When and How Landlords can Raise Rent in California



The cost of living in California has skyrocketed due to the record-high inflation we're currently facing. How much and when a landlord can increase the rent legally?


Even though landlords and tenants frequently ask about this topic, there isn't a simple solution that applies to everyone. We'll go over all you need to know in this article to help you determine the precise solution for you!


The Key Takeaway


The takeaway on the existing tenant protections is its still tough to evict tenants for non-payment of rent IF related to COVID-19. Tenants must notify their landlord within seven days after rent is due, unless extenuating circumstances exist.


In early October, the L.A. City Council voted to end the COVID protections in on January 31, 2023. Landlords will be able to resume increase rent on rent-controlled apartments in February 2024.


Source: https://www.cbsnews.com/losangeles/news/la-city-council-to-discuss-ending-covid-19-eviction-moratorium/


What's the deal with Eviction Protections?

Eviction protections for tenants unable to make rent was extended through February. These protections were set to expire multiple times in the last year.


The extension allows for extra time to distribute the $5.2 billion (previously $2.6 billion) allocated to rent relief funds.


Previously, tenants who paid at least 25% of their rent starting in September 2020 could qualify for relief to cover another 80% of their debts. Newsom extended the rent relief programs in January, announcing $2.6 billion in federal funds to help landlords and tenants pay down debts. This newest law bumps rent relief funds to the $5.2 billion to cover 100% of unpaid rent and streamline the application process for distributing the funds.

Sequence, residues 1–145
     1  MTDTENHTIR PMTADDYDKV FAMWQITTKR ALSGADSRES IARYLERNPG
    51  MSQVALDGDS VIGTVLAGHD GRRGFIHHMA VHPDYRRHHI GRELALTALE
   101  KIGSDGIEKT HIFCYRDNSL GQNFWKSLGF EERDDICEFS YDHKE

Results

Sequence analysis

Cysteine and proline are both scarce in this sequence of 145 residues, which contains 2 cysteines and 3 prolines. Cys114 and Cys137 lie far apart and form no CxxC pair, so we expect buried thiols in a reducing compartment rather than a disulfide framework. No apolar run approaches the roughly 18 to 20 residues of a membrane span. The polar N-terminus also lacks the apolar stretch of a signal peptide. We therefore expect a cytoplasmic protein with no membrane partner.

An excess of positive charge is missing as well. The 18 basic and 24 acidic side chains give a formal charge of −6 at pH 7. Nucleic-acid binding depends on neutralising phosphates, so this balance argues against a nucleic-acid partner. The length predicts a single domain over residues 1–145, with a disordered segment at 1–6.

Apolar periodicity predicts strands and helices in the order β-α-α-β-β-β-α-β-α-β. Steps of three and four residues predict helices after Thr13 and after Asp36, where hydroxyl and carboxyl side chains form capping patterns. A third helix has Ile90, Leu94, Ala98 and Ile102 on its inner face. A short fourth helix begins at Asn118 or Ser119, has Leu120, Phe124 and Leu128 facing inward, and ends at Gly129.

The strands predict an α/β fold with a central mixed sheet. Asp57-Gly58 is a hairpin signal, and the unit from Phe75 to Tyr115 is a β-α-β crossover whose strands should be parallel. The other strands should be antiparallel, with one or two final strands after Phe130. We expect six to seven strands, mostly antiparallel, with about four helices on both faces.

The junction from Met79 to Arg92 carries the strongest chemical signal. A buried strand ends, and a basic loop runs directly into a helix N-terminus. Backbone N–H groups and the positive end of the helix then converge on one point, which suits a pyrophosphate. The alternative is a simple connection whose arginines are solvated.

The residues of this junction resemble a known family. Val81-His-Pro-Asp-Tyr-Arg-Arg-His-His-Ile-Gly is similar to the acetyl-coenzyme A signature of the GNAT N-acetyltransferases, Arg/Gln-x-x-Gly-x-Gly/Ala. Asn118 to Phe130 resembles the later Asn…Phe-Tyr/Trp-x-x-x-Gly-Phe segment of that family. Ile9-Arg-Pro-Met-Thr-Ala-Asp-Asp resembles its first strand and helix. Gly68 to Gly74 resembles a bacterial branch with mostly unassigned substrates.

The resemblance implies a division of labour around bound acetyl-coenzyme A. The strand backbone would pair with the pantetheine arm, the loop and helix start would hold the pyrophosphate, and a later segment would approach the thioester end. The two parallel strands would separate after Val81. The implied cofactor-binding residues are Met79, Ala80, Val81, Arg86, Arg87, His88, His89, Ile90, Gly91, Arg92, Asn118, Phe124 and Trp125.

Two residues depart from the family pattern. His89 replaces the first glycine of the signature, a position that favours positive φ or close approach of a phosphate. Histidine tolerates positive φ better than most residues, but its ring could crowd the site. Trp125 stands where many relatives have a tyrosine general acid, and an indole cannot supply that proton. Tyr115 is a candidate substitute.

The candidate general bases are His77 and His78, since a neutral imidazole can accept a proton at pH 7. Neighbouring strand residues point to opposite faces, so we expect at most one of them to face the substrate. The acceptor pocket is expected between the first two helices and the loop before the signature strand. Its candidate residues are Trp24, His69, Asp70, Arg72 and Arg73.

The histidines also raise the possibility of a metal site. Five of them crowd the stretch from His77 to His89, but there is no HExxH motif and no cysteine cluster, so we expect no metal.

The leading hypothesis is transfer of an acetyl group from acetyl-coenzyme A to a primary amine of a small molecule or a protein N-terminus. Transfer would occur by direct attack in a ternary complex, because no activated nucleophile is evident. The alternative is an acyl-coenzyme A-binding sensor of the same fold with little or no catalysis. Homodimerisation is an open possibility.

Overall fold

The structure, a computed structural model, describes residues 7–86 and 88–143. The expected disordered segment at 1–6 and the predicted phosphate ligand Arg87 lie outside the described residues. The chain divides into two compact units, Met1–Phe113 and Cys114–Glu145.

Landlords have to agree not to evict them, and they needed to prove pandemic-related hardship while meeting certain salary qualifications. If landlords didn’t want to participate, tenants could still receive some aid to cover up to 25% of their remaining rent.


The Argument


The argument against rent increases rests on the belief that housing is an important social provision. Allowing landlords to increase rent can reduce access to affordable housing in the city. There is also an argument that landlords should not increase the rent during a crisis such as COVID-19 because they aggravate many people's challenges.


Landlords, on the other hand, argue that they should be allowed to increase the rent because they have invested in housing and should benefit from the rising demand for rental units. Increasing rent allows landlords to benefit from a rise in demand for housing. They have taken a risk in investing in housing and should be able to benefit from their investment.


Another argument in favor of rent increment is rising inflation. While other service providers and sellers can cushion themselves from the rising cost of living and inflation, landlords would be disadvantaged when they cannot increase their income through rent increases. This means that there is a strong case for factoring in inflation rates in the cost of the rent. There is also a need to ensure that landlords are insulated from the rise in the cost of living in the city.


How frequently may a landlord increase rent?


Landlords must wait until the term of any contract you've signed with them expires before raising your rent. If you have a lease, they can't raise it until the end of the lease period.

The timing and amount of a rent increase by a landlord can vary greatly. You need to know if you're a landlord considering raising the rent.